Trajan Hopkins is the prototypical adolescent male, protected on all sides by the soft cushion of family. He worships his brother, Langston, invariably from a crouched defensive position in an effort to fend off the latest sequence of moves his brother is working to perfect. Langston is widely regarded around town as Preston's most prolific fighter, steeped in martial arts, his ambition set on someday reaching the Olympic stage.
Trajan fits neatly inside his brother's shadow, the dutiful second seed. When his brother dies, it's like one leg of a chair goes missing, warping Trajan's sense of connection to anybody near to him. He ventures into the world alone, steps out on the call of the wind, the rise of the moon, the tide pulling against him. He returns at the end of the night to diminished ties, the weave of familiar cues strewn loose about him, waves crashing in, pushing him ever further from the shelter of home.
JEDAH MAYBERRY is an emerging fiction writer, born in New York, raised in southeastern CT, the backdrop for his fiction debut. The book won Grand Prize in Red City Review's 2015 Book Awards as well as honorable mention in Writer's Digest's Self-Published Book Awards. It was named 1st in Multi-Cultural Fiction for 2014 by the Texas Association of Authors. Jedah was a top ten finalist for the 2013 Best New Author Award sponsored by the National Black Book Festival. He garnered honorable mention in Glimmer Train's April 2012 Family Matters Short Story Contest for Ton Oncle, a version of which was published as part of the book. His work has appeared at Loose Leaf Press, Flashing for Kicks, EtherBooks, Linden Avenue, and Black Elephant. He is a regular contributor to The Prose App. He currently resides with his wife and teenage daughters in Austin, TX.
I had the benefit of living away from the place where I grew up THEN returning to write about it. It shapes your lens, shades your perspective. You find wonder in everyday things, things local eyes no longer take the time to see. Having come from someplace is the one universal theme–a mother, a father, a place you once called home, however fleeting, had a hand in shaping who you are today. And, more than anything, each of us deserves a place to call home.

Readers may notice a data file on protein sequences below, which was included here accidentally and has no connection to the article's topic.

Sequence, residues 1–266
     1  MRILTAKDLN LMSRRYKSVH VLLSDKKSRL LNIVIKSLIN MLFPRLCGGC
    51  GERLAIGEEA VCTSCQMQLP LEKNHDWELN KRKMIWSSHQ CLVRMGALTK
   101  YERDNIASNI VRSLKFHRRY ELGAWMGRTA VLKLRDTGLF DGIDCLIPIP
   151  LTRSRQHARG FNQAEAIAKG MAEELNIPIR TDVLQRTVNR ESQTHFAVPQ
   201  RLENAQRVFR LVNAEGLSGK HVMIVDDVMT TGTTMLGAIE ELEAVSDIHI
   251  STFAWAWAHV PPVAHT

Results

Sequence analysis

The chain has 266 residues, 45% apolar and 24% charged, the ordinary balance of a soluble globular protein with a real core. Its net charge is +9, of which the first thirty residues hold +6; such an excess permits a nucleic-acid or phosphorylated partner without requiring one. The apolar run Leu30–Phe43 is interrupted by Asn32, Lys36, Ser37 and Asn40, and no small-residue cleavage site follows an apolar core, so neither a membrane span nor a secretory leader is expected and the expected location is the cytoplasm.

The Unheralded King of Preston Plains Middle
Trajan Hopkins lived his whole young life in Preston, a dimple of a town nestled among a string of dimple towns, lining the banks of the Thames River as the river makes its slow march into the sound, Long Island jutting like a raised index finger from the tip of New York to protect Connecticut’s southeastern shore from the steady crush of the sea. The Thames River Valley mutated over the years into an oddly shuffled deck of hardscrabble little enclaves making their faint impersonation of urban strife, surrounded by the quaint veneer of buttoned-down New England sensibilities. Time marked the peripatetic crisscrossing of peoples, mixing peaceably in most instances, retreating at the end of any given day to their own neutral corners, the melting pot amounting to little more than steaming compartments, from native to all flavors immigrant, to those non-immigrants whose arrival on these shores signifies a period of deep contradiction in our nation’s psyche, their forefathers having been dragged forcibly to the land of the free. Together they forged a tenuous harmony of existence comprising the only world Trajan had ever known.